Finally, if someone helps you with your mail ballot, you must put your helper's name and address on the carrier envelope, which is the one used to return your ballot to the early voting clerk. Your helper must also sign the carrier envelope.
Applications to vote by mail must be received by the County Clerk's office by Friday, Feb. 23, 2018.
Early voting by personal appearance will begin Tuesday, Feb. 20, 2018 and continues through Friday, March 2.
In the Nov. 7 elections, Tyler County voters approved seven proposed amendments to the Texas Constitution while Woodville and Colmesneil voters filled council seats while residents of Frog Pond, Colmesneil ISD and Emergency Service District 3 having issues on the ballot.
Proposition 1, to provide property tax exemptions for partially disabled veterans or their surviving spouses if their home was donated to them by a charity for less than market value was approved with 87.89 percent of the vote.
Proposition 2, which would ease restrictions on home equity loans lowers the maximum fees for those loans and exempts certain charges from that maximum, was approved by 74.52 of Tyler County voters.
Proposition 3 also won support from 83.87 percent of local voters. It relates to the service of unsalaried officeholders appointed by the governor whose terms have expired. Those appointees can serve until the end of the next legislative session — when a new appointee could be confirmed by the Texas Senate.
Proposition 4, which requires courts to notify the attorney general of constitutional challenges to state laws, passed with 76.11 percent of the local vote.
Proposition 5 authorizing the charitable foundations of professional sports teams to hold a charitable raffle. It passed in Tyler County with 58.14 percent of the vote.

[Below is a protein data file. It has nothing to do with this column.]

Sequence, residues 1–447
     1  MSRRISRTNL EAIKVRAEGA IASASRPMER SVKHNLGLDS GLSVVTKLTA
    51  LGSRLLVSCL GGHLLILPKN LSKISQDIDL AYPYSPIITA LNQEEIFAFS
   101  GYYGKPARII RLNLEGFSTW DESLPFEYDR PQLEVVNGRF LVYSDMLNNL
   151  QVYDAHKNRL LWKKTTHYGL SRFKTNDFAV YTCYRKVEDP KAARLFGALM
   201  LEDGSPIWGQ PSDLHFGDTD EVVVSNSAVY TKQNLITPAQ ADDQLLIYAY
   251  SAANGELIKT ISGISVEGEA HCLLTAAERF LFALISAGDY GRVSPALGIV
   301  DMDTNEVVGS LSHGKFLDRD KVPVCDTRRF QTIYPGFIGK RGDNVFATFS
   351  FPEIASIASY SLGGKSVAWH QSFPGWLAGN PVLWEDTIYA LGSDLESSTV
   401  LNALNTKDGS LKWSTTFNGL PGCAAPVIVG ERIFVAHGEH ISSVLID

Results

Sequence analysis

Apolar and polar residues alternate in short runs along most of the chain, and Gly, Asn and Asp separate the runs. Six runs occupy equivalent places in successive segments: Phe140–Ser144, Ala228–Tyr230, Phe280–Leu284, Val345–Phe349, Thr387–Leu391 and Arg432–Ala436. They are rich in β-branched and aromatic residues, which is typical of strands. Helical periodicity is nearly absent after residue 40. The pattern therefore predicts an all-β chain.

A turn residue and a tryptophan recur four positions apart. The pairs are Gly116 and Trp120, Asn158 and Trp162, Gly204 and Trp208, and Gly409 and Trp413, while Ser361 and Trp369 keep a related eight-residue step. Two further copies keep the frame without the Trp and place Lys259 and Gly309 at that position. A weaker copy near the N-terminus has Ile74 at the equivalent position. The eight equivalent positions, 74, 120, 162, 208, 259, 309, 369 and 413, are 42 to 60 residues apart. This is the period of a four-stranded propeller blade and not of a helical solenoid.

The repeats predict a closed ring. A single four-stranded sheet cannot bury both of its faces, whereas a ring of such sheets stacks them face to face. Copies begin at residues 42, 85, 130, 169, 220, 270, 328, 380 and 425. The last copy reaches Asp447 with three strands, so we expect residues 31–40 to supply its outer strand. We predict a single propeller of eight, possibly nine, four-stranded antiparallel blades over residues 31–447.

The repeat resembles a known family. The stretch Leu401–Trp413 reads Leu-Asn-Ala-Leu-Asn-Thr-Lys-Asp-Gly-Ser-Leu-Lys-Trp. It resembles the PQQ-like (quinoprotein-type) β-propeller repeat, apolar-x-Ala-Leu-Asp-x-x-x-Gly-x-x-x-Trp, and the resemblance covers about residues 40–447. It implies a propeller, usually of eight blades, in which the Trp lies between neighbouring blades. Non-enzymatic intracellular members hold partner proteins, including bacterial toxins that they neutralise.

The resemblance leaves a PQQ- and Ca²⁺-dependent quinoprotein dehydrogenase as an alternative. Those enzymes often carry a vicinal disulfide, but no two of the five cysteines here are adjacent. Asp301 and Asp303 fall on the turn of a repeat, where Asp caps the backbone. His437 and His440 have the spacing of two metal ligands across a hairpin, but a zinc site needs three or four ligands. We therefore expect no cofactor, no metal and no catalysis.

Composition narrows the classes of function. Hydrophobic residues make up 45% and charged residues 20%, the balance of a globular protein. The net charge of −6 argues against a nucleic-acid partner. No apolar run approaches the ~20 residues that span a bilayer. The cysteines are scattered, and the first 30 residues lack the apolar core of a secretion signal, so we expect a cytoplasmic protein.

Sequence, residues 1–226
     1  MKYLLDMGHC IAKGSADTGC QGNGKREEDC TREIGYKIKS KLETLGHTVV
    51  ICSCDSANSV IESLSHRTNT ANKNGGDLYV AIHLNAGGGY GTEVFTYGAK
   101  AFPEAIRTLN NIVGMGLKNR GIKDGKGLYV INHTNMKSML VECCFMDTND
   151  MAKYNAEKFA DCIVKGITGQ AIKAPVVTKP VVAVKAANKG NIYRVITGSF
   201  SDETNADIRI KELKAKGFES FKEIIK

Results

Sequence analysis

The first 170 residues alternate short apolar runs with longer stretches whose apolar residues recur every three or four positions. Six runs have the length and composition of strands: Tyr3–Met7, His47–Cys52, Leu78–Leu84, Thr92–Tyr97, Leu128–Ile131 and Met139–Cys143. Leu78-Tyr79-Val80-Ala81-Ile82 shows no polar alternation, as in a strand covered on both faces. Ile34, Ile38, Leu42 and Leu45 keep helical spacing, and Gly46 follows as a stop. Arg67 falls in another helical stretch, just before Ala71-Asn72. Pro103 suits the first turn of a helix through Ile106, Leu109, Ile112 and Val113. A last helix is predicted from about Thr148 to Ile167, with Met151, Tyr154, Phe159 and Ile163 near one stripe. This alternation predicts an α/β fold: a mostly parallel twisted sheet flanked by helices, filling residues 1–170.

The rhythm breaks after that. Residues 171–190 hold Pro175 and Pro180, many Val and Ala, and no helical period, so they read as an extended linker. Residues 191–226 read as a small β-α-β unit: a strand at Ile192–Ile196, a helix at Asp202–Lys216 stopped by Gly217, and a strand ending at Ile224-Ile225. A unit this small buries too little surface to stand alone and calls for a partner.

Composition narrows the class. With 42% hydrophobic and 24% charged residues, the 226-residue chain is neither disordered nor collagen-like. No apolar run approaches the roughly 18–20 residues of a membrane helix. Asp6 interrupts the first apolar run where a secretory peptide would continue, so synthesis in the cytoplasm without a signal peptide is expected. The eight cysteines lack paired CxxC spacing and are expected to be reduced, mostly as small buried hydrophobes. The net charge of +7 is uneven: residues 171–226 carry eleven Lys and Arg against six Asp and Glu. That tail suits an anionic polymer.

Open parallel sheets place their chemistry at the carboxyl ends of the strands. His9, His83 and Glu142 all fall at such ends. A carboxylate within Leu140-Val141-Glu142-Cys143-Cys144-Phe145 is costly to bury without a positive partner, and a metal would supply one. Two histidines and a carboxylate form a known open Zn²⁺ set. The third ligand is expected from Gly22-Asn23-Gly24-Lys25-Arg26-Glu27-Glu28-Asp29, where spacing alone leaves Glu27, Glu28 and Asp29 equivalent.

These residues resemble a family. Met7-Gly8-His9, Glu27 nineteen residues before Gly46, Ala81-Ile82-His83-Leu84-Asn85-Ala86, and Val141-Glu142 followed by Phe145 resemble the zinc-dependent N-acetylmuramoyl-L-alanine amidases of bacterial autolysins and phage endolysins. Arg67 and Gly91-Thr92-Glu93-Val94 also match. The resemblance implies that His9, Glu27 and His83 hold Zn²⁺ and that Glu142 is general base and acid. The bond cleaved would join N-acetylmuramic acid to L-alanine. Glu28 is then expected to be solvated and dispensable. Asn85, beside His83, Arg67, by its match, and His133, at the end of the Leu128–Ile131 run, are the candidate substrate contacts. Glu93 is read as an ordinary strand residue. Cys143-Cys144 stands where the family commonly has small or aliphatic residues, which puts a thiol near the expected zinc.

Proposition 6 got broad support in Tyler County, with 61.34 percent voting in favor of property tax exemptions to surviving spouses of first responders killed in the line of duty.
Proposition 7 gives banks and other financial institutions authorization to use raffles to encourage savings. Locally, 61.34 percent supported the proposition.
Woodville City Council Joyce Wilson and Janice Weatherford each won terms on the Woodville City Council without opposition. Byron L. Stowe retained his Place 5 seat over Elizabeth Grammer by a vote of 61-49.
Colmesneil ISD Board of Trustees From a field of four candidates, Kenneth Adaway, Danny Brown and Kris Lindsey were elected to three seats on the board. Adaway received 99 votes, Brown 93, Lindsey 84 and Bo Bendy 54.
ESD NO. 3 Voters in Emergency Service District #3 approved a measure to increase property taxes in the district to 6 cents per $100 by a vote of 23 to 16, giving the "for" votes a 66.67 percent majority.
Frog Pond Voters in the Frog Pond subdivision approved the creation of a Water Control and Improvement District with 21 voting for, to 11 against. Proposition B also passed, by a vote of 21 to 11. Five directors were elected to the board, with five vacant seats to be filled. Cris Thompson, Brenda Page, Bryan Long, Stanley Evans and Chris Hubert will serve as the initial directors for the new WCID.
Tyler County Hospital department heads joined county officials Tuesday for the signing of a proclamation that designates Nov. 16 as National Rural Health Day in Tyler County. (Photo by Valerie Reddell)
On Thursday, the State Office of Rural Health (SORH) along with communities across the country will be celebrate National Rural Health Day (NRHD). In support of this recognition, the SORH, the National SORH, and iVantage Health Analytics have identified hospitals that have excelled in performance and patient care. Per the Hospital Strength INDEX, Texas has ranked in the top quartile of performance based upon Quality, Outcomes, and Patient Satisfaction
Tyler County Hospital excelled in two categories; Excellence in Outcomes and also Excellence in Patient Satisfaction.